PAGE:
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Burden of lung cancer attributable to occupational diesel engine exhaust exposure in Canada
Objective: To estimate the population attributable fraction (PAF) and number of incident and fatal lung cancers in Canada from occupational exposure to diesel engine exhaust (DEE). Methods: DEE exposure prevalence and level estimates were used with Canadian Census and Labour Force Survey data to model the exposed population across the risk exposure period (REP, 1961–2001). Relative risks of lung cancer were calculated based on a meta-regression selected from the literature. PAFs were calculated using Levin's equation and applied to the 2011 lung cancer statistics obtained from the Canadian...
Diesel Emissions and Lung Cancer
An Evaluation of Recent Epidemiological Evidence for Quantitative Risk Assessment This report contains the intensive review and analysis of the newest studies of mine and truck workers exposed to older diesel engine exhaust conducted by an Expert Panel appointed by the HEI Board of Directors. In its report, HEI's Diesel Epidemiology Panel concluded that the studies are well prepared and are useful for applying the data to calculate the cancer risk due to exposure to diesel exhaust. The Panel noted, however, that efforts to apply these studies to estimate human risk at today's ambient levels...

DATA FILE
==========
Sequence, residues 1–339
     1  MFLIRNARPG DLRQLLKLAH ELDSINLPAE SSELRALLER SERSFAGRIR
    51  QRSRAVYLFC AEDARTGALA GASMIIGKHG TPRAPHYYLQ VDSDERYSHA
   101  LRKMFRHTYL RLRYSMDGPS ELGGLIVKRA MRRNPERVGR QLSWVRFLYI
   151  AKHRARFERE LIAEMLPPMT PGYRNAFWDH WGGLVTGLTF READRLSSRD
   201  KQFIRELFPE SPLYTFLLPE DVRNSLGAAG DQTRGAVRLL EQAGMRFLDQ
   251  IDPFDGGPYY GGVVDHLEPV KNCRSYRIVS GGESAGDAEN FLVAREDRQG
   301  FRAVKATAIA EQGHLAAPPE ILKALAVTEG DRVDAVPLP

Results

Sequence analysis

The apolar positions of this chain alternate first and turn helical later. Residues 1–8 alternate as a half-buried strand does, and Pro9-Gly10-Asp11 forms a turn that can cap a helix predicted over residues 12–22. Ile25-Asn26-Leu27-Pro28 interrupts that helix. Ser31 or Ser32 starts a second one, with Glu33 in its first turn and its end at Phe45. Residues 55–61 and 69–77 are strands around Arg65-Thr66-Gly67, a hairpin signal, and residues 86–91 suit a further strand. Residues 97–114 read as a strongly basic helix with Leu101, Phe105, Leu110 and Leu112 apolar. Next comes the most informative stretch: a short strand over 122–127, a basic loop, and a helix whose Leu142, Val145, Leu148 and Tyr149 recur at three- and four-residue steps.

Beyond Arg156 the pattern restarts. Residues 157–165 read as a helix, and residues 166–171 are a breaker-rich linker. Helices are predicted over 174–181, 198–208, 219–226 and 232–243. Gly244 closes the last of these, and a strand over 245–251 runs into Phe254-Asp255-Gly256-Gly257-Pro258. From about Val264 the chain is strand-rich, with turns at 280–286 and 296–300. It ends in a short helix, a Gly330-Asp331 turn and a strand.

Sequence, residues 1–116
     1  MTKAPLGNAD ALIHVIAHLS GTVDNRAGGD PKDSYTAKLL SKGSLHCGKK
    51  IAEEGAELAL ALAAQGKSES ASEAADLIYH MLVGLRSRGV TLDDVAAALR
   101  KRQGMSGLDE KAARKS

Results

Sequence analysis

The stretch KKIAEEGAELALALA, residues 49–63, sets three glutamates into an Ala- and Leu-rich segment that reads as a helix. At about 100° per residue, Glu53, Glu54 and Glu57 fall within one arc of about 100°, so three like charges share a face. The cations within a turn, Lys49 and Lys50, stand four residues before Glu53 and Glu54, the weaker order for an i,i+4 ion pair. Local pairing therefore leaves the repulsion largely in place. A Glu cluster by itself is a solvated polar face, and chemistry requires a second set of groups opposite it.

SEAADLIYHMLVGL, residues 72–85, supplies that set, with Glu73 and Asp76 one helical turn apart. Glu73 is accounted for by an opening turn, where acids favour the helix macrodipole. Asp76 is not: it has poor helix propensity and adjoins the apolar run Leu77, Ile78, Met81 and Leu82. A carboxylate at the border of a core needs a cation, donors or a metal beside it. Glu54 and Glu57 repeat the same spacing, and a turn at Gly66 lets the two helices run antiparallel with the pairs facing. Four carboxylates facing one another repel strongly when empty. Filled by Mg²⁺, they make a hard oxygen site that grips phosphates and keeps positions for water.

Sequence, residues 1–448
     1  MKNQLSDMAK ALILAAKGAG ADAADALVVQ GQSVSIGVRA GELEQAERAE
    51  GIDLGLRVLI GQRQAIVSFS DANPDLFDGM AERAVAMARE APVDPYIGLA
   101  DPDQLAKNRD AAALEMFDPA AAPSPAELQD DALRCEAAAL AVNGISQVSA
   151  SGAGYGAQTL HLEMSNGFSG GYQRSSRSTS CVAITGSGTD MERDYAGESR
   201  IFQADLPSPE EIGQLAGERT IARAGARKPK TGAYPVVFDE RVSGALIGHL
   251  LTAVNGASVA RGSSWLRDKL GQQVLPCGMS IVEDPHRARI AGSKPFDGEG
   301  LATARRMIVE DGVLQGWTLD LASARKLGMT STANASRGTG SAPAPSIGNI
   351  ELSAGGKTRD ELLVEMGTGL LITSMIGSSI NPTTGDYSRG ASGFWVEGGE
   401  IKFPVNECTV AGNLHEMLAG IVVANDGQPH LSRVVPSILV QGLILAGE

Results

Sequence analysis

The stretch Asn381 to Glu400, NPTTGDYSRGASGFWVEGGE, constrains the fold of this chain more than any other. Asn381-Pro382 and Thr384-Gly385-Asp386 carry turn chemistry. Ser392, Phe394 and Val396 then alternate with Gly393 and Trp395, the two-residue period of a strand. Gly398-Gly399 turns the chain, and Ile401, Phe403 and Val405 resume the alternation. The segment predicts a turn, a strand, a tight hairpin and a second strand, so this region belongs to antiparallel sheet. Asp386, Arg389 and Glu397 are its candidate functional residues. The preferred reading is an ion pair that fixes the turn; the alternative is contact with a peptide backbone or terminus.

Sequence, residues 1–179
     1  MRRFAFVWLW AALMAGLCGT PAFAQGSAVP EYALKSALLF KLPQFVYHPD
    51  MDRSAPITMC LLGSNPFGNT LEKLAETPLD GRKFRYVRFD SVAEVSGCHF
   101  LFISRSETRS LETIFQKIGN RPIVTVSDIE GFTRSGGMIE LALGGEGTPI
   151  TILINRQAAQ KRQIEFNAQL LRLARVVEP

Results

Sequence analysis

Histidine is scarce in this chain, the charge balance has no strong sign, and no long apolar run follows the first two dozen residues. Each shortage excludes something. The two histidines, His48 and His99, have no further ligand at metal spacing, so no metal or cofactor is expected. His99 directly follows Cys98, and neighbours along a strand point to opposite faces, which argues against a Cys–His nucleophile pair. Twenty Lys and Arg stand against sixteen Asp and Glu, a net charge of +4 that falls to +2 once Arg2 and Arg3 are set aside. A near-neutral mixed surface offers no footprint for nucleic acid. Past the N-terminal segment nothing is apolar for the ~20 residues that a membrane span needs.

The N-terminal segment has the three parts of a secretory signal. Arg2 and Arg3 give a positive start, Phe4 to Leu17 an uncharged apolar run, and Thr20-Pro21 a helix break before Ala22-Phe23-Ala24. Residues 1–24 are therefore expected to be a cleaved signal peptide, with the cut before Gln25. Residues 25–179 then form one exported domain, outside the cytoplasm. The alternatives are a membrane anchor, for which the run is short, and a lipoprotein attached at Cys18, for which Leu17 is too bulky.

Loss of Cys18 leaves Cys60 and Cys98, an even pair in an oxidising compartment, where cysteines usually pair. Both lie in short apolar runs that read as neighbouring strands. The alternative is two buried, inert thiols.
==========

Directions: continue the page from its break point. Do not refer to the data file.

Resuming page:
Exposure to diesel exhaust linked to lung cancer death in miners
In a study of non-metal miners in the United States, federal government scientists reported that heavy exposure to diesel exhaust increased risk of death from lung cancer. The study was carried out by researchers from the National Cancer Institute (NCI), part of the National Institutes of Health, and the National Institute for Occupational Safety and Health (NIOSH), part of the Centers for Disease Control and Prevention, both parts of HHS. Source :
Work exposure to diesel fumes tied to lung cancer
The study has a number of key limitations, one being a lack of data on the subjects' actual exposure to diesel exhaust. Moreover, case-control studies can offer only limited evidence of an association between two variables (in this case, diesel-exhaust exposure and lung cancer risk). And they cannot establish the extent to which diesel exhaust might affect any one worker's absolute risk of developing lung cancer. Studies that follow a population of initially healthy people over time offer stronger evidence of whether a particular exposure is related to a disease risk. Straif noted that...

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